That’s not the land-based enforcement mode right now. You wreck your car, you deal with lawyers.
But it doesn’t have to be that way. If we have autonomous cars full of computers, transmitting data (just like our aircraft), there will be opportunities to smartly figure out how to make the system safer. We know that pilots have gotten to the place where they’re willing to disclose an incident, but will drivers?
If we really want to change the safety of land-based transportation, we have to be able to identify the risks. I think companies will have to stop competing on safety- but share data to find means to reduce risk. That means drivers, mechanics, manufactures and others who will be willing to tell us about their experiences and having a means to capture all the data that will be available.
As I noted earlier, the aviation sector is not perfect. But we have a commitment to do safety in a certain way- always open to continuous improvement- and working with the industry to achieve the next level of improvement. The inevitable introduction of new technologies, many from the non-aviation world, will force us to keep rethinking risk mitigation.
That’s why we at the FAA are not sitting around waiting for the next big thing to zip by and leave us in the dust. We actively seek out – and want to be informed about – innovations in aerospace or other industries that we might more quickly and efficiently integrate into the national airspace system.
For example, we’ve reached out to the urban air mobility and High Altitude Long Endurance UAS communities in order to work with them early and often. We want to be on the front end of industry’s evolution, forging new partnerships rather than lagging behind because of our legacy development and acquisition processes.
My boss — the FAA Administrator — has challenged the agency to think bigger, work better, and be open to new technologies, new entrants, and new ideas, especially those that are new to aviation field. That’s why I’m here, and that’s why the FAA is committed to breaking down the business-as-usual approach to welcome new ideas and possibilities that could radically change the future of transportation.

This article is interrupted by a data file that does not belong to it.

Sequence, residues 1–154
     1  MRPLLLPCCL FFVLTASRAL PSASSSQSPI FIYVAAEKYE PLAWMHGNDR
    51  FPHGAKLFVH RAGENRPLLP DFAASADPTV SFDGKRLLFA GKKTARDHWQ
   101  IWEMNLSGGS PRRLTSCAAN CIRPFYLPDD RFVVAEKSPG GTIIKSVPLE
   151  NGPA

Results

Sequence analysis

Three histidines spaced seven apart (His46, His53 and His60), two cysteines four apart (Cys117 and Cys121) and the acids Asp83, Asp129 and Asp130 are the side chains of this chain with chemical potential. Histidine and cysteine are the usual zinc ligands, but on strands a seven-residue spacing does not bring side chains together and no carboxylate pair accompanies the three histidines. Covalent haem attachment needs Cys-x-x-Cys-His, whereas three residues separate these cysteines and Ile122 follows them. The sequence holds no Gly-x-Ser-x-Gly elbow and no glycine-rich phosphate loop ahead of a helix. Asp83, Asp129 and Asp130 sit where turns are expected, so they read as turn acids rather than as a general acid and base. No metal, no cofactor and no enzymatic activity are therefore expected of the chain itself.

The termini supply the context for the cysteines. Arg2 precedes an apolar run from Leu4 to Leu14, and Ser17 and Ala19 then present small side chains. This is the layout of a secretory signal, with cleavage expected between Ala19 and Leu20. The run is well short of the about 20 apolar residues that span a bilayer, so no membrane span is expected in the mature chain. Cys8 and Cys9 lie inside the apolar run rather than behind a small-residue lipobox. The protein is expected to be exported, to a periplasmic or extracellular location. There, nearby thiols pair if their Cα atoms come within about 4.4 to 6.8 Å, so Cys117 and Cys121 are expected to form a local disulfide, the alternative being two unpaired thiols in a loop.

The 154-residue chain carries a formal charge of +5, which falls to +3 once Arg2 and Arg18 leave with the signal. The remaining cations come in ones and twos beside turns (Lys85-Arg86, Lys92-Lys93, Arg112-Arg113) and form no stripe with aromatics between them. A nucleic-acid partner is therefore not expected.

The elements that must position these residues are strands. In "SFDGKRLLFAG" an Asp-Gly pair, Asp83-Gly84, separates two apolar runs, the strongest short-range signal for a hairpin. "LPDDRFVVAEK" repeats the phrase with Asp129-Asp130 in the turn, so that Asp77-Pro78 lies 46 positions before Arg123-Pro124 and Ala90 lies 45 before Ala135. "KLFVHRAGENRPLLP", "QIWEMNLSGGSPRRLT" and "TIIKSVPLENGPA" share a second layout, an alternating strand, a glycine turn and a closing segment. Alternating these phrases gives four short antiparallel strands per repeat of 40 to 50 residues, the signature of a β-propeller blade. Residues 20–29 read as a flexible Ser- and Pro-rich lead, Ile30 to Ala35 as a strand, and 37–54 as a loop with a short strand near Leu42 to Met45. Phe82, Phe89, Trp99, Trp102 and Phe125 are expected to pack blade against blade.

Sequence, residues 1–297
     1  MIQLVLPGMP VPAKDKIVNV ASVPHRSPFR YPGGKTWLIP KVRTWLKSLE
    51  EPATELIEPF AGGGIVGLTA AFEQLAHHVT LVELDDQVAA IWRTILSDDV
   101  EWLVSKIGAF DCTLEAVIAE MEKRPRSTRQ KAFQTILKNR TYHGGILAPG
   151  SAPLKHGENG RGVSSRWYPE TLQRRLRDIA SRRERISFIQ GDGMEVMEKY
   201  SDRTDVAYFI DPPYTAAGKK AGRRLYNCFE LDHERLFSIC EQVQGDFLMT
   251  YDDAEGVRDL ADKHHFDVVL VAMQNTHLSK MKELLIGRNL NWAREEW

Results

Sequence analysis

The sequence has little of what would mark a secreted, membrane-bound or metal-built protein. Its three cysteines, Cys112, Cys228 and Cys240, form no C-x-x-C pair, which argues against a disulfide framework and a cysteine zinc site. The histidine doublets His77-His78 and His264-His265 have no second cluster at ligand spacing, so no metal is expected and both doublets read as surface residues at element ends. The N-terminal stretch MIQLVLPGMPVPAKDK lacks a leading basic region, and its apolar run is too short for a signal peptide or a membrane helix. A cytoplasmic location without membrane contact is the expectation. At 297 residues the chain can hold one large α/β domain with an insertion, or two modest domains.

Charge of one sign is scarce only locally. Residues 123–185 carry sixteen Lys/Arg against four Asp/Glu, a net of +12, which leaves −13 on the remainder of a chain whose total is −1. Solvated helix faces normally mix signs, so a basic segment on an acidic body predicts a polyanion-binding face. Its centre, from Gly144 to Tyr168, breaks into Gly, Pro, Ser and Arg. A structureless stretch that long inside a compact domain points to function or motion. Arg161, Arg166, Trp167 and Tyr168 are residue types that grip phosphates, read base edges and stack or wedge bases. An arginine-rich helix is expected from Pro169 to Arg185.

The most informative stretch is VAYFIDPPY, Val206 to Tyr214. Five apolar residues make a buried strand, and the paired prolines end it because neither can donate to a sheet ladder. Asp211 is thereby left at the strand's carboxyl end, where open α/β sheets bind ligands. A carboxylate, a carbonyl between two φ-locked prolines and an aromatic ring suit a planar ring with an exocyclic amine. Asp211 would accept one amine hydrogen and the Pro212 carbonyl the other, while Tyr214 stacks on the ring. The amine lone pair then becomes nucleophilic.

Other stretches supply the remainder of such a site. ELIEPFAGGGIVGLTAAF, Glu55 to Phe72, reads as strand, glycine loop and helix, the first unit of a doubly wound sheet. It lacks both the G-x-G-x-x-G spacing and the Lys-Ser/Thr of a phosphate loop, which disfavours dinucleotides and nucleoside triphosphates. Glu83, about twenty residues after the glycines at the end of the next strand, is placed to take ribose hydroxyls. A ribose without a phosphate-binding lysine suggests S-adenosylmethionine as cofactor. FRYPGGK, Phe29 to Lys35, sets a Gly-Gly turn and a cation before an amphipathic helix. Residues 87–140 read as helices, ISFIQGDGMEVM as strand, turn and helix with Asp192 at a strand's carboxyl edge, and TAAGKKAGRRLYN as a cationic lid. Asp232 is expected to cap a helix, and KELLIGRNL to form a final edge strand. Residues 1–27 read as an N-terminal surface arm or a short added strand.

When we see those innovations coming at us fast as lightning, there will surely be different opinions on whether any particularly technology will help or hurt – just like my sons’ impression of the storm that night. The FAA needs to find that middle ground that protects the public but allows innovation and opportunity to move forward.
The kind of conversation you’re going to have at this workshop is vital to our efforts. As you all ideate today, I hope you’ll think about a few questions.
First, what are the kind of skills and knowledge the regulator is going to need? Are there areas the FAA should be recruiting or focusing on to anticipate these new technologies and entrants?
Second, how might we manage new technologies with very different life-cycles and development paradigms? I suspect we will not have a decade to develop and certify a new aircraft.
Finally, how do we manage risk and safety in with increasingly open architecture and networks? We’re already moving down the path of public private partnership in provision of services to drones in the UTM. I suspect this will only expand- and could be a longer term signal in decades ahead of relying on larger networks for communication, navigation, and surveillance.
I know there are many other questions. In fact, I’d be the first to admit that in some of the coming users and technologies, I not only don’t have solutions, but I’m sure I’m asking the right questions! Hopefully, you all can help us with that.
Thanks for inviting me and here’s to an exciting, risk-free day. Now I’d be happy to hear from any of you…